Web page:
His story is told in a documentary that matches its subject. It is candid but respectful, utterly heartwarming, and a particularly timely reminder that we don’t have to be swept away in bombast and sensory overload. It is also a welcome reminder that children need us to help them understand themselves and the world around them, even when some aspects are painful and difficult. Indeed, Fred Rogers exemplified the idea that adults were here to protect children not by keeping information about tragedy and hardship away from them but by helping them learn how to respond. His advice to “look for the helpers” is always repeated when some terrible new story is in the news. And of course he was one of the greatest helpers of all. “One of my main jobs,” he said, “is through the mass media to help children through the difficult modulators of life.” These included world events and also family issues like divorce and emotions like anger. One of the film’s most remarkable archival scenes is Fred Rogers testifying before a skeptical Senator about the importance of funding PBS. Instead of reeling off statistics, Rogers recited the lyrics to a song about how to deal with angry feelings. When he was done, the senator, obviously not just moved but pretty much tamed, says quietly, “You just got $20 million.”
Fred Rogers was an aspiring Presbyterian minister when he realized that television had enormous influence on children and that most of children’s programming was loud, rude, and violent. He put his plans on hold to start a series for the new Public Broadcasting Service that would be quiet, low-key, and low-tech. As a producer of the show noted the theory of the series was, “You take all of the elements that make good television and don’t do any of them.” He says, “I never felt I had to wear a funny hat.” And he welcomes elements that are anathema to television, including silence. Mr. Rogers set a timer to show children how long a minute was and just sat there while it moved around the circle. There a lot of “slow space, but no wasted space.” He was patient. He listened.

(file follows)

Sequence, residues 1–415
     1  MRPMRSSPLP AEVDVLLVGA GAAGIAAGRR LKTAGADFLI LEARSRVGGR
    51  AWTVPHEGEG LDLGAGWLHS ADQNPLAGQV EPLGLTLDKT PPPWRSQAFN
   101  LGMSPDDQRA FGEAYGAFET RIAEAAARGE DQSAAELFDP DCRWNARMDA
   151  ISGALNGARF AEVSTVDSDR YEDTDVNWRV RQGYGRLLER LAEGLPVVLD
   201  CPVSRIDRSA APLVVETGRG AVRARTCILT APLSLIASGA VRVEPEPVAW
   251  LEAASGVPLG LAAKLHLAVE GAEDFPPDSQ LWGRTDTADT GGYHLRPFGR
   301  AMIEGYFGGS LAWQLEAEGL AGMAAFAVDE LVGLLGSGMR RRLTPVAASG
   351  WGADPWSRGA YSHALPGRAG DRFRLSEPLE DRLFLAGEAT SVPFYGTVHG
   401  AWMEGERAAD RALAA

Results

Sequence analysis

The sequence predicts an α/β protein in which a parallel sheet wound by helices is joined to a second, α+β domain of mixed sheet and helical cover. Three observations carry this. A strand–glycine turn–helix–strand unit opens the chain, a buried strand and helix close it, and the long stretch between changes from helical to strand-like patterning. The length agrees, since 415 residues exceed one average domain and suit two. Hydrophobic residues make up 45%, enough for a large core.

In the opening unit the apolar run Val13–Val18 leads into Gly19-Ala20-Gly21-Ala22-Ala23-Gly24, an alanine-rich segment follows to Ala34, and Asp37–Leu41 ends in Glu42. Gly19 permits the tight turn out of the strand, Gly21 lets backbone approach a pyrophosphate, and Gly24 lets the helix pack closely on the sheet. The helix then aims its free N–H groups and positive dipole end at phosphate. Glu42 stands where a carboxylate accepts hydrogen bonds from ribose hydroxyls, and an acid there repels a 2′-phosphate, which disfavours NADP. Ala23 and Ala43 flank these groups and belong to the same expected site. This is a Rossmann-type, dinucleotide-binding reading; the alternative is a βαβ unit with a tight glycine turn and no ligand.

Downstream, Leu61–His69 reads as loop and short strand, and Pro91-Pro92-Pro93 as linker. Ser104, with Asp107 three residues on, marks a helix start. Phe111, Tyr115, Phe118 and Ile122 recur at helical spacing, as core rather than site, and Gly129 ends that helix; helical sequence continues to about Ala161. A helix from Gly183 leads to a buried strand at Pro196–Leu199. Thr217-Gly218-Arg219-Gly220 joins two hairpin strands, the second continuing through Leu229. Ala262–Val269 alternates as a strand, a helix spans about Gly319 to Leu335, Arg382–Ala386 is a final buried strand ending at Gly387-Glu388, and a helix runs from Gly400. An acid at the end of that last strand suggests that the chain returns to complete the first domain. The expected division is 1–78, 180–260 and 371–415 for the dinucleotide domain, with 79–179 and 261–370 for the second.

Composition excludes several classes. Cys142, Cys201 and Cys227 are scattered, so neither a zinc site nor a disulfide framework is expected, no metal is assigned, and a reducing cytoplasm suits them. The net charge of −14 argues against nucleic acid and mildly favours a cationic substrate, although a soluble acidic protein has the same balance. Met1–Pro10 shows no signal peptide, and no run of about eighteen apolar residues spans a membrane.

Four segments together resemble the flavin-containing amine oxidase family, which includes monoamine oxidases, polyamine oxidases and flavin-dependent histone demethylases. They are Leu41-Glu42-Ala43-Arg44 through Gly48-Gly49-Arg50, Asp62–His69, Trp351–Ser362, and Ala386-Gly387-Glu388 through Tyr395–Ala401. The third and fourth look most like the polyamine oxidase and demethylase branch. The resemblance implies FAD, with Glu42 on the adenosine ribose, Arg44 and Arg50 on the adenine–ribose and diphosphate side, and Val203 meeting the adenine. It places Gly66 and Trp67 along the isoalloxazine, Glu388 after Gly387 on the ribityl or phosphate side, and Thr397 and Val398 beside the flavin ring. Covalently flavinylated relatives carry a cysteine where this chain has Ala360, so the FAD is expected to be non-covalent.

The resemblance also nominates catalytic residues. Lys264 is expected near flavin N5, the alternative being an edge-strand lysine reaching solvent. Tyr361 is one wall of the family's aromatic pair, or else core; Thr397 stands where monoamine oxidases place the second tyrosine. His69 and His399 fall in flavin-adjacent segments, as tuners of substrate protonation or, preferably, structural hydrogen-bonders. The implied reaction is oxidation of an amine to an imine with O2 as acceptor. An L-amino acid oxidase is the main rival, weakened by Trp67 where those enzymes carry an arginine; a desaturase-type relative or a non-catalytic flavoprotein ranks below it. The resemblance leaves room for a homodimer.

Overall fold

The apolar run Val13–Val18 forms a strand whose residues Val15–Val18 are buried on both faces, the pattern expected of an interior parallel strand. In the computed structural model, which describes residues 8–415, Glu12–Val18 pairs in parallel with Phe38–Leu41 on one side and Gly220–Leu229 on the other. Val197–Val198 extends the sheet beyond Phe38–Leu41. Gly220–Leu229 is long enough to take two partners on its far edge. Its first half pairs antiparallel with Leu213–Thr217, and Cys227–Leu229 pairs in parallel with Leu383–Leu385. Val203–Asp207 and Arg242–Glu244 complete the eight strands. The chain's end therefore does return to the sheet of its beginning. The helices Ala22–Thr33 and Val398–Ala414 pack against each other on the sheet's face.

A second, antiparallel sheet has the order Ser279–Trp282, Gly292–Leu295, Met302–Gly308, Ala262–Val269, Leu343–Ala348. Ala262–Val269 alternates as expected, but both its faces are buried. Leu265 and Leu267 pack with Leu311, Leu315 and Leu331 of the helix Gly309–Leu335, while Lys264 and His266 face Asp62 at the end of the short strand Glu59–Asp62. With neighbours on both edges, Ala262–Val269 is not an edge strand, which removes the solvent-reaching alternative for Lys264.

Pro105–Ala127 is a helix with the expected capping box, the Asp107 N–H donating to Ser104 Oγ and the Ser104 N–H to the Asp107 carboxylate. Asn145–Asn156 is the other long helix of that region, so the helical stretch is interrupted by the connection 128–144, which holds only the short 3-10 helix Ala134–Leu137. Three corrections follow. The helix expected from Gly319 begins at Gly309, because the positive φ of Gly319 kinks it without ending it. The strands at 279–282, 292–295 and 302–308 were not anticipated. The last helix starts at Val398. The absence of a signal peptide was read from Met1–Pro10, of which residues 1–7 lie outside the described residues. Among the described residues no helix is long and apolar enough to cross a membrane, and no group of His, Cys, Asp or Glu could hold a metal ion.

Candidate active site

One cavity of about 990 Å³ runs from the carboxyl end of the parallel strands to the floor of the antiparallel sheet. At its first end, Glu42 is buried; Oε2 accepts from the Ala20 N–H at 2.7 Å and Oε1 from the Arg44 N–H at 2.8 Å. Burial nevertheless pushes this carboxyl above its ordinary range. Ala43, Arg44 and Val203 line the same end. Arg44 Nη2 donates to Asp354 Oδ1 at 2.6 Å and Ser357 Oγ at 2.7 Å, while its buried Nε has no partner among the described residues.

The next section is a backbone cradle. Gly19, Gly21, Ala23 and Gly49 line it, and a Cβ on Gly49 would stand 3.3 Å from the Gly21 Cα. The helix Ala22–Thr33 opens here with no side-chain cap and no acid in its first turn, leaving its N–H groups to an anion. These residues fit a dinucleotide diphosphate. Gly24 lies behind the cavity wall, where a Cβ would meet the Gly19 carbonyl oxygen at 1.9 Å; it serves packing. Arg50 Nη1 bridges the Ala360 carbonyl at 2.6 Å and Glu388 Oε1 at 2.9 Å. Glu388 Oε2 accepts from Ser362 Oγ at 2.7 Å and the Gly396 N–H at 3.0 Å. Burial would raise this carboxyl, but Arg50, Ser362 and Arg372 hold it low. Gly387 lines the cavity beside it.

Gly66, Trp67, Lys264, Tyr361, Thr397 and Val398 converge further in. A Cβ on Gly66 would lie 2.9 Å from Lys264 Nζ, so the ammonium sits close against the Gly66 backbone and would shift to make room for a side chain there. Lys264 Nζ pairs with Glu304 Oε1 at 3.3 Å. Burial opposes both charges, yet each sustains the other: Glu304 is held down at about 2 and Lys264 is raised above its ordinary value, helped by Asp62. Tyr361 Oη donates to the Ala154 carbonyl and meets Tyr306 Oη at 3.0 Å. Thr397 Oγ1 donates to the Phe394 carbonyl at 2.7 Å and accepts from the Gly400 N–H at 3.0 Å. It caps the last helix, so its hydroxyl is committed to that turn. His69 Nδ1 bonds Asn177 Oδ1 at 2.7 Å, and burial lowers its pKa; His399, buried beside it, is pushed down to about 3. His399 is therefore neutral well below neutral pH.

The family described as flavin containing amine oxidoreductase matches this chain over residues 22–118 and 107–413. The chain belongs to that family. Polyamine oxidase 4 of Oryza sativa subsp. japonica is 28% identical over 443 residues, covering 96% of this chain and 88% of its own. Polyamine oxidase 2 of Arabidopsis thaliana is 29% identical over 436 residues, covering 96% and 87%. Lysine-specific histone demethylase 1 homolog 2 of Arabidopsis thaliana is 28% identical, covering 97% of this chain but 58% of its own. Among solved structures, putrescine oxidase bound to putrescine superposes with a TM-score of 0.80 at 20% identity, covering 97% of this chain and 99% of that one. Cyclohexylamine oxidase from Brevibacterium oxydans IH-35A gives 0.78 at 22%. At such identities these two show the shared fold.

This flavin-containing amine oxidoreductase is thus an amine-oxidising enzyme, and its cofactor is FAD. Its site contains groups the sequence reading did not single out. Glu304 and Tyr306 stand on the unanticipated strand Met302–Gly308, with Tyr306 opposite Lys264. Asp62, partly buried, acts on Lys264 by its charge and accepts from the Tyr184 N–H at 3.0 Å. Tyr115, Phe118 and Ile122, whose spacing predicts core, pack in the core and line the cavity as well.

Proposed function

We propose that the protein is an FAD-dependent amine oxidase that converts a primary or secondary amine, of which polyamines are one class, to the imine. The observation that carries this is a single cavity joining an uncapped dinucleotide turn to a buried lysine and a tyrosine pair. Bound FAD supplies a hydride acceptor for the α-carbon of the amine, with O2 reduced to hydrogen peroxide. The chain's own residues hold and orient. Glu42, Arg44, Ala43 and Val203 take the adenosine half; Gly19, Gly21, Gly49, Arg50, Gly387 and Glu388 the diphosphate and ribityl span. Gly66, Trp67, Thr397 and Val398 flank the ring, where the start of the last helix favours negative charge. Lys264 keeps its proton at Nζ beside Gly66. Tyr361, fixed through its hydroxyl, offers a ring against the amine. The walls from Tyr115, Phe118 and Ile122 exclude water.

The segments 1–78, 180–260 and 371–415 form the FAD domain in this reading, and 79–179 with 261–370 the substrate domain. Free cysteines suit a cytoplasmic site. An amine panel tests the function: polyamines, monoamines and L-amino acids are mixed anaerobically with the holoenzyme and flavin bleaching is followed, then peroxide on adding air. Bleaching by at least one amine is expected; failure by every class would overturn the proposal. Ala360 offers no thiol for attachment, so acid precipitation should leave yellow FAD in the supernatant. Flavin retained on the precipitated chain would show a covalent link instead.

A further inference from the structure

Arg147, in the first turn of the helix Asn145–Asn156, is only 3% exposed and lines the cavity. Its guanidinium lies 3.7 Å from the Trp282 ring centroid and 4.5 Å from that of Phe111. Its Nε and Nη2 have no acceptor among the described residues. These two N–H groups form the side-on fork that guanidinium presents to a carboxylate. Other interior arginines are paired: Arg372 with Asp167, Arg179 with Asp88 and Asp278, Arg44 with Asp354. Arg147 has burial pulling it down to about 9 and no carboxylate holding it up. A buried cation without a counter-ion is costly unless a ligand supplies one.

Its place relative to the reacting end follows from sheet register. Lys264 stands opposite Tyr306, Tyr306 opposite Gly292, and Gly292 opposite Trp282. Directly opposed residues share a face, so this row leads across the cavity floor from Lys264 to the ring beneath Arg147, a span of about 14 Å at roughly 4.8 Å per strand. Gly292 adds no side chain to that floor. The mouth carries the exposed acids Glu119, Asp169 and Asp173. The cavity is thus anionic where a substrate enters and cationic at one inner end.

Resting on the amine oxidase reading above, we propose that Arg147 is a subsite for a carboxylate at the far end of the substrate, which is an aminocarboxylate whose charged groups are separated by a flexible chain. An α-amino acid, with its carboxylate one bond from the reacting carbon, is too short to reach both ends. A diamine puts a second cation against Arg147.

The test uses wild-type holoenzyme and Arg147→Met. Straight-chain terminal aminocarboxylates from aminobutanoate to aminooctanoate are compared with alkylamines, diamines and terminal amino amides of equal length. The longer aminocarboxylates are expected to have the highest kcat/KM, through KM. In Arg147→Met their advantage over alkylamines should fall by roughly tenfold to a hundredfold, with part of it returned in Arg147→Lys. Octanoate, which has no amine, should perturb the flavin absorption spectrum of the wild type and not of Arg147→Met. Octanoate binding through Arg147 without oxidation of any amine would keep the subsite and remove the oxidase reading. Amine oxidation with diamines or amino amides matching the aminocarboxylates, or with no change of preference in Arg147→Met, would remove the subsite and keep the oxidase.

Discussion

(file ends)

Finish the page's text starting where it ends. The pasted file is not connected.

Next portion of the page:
The show’s first national broadcast was in 1968, a time when there were many difficult modulators to navigate. “What does assassination mean?” a frightened Daniel Tiger puppet asks? He gets an answer that is honest but presented in a way that helps him not just understand it but understand how to process it.
In each episode, Mr. Rogers would come into the house, change his shoes, put on his sweater (one is now in the collection of the Smithsonian Museum of American History), and have a little chat or sing a song to the audience. He would talk to the mailman or another friend from the neighborhood, and maybe interview a guest or explain something, from how biscuits get made in a bakery to how a young Yo Yo Ma plays the cello. Rogers himself never appeared before the camera in the other part of the show, set in a magical land, because he wanted a clear demarcation between the “real” and fantasy parts of the show. But he voiced the puppets, as many as ten characters, and we see more than once that those puppets allowed him to express parts of himself he could not any other way.
Director Morgan Neville (“20 Feet from Stardom”) had nearly 1000 hours of archival footage to choose from and, while he certainly could have made several movies based on Fred Rogers’ life, the clips and contemporary interviews are exceptionally well chosen and well matched. We learn that Rogers asked Francois Clemons, a black man, to play the policeman on the show in part to promote diversity. A scene from the show where the men soak their feet together to cool off on a hot day is juxtaposed with contemporary news footage of black swimmers being thrown out of a public pool. Clemons says he was reluctant to play a policeman because the experience of his own neighborhood with police was not good. But he took the job. And then we learn that Clemons is gay, and hear how Rogers’ response to that news changed over time.
Two of the movie’s most powerful archival scenes are the interview Rogers said was his most memorable, with Jeff Erlanger a cheerful 10-year-old quadriplegic, and his time with Koko, who apparently indicated that he was her favorite visitor. Rogers’ palpable delight and boundless empathy have them end up in an embrace that is utterly endearing.
We hear from his family, friends, and colleagues, and from Ma (whose son is one of the film’s producers). But most of all, we hear from Rogers himself, who tells us, “I don’t think anyone can grow unless he is accepted exactly as he is.” Other than Fox News, who we briefly hear blaming Rogers for the entitlement of the millennial generation, we all feel lucky that Mr. Rogers was exactly who he was, and this lovely film reminds us that we cal all be more like him.
Parents should know that this movie includes discussion of difficult issues and some archival footage of tragic news stories and a brief humorous shot of a bare bottom.
Family discussion: What parts of Mr. Rogers did we only see through the puppets? What are your favorite television shows for children?
If you like this, try: “20 Feet from Stardom” and “Street Gang” (about “Sesame Street”)